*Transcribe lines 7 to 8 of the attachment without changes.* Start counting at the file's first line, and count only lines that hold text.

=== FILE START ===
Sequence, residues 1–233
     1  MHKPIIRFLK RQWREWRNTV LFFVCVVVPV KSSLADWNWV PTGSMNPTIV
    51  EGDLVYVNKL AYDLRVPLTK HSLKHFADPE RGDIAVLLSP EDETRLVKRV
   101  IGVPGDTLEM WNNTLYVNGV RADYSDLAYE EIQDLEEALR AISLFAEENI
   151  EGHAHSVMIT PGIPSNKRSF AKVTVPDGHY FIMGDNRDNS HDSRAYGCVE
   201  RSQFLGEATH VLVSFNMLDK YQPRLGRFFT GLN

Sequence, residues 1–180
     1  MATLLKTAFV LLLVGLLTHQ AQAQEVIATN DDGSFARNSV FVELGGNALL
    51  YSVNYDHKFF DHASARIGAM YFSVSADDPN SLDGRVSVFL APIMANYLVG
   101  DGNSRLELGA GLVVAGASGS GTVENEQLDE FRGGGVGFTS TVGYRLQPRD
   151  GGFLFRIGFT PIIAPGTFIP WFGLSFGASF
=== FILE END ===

Sequence, residues 1–180
     1  MATLLKTAFV LLLVGLLTHQ AQAQEVIATN DDGSFARNSV FVELGGNALL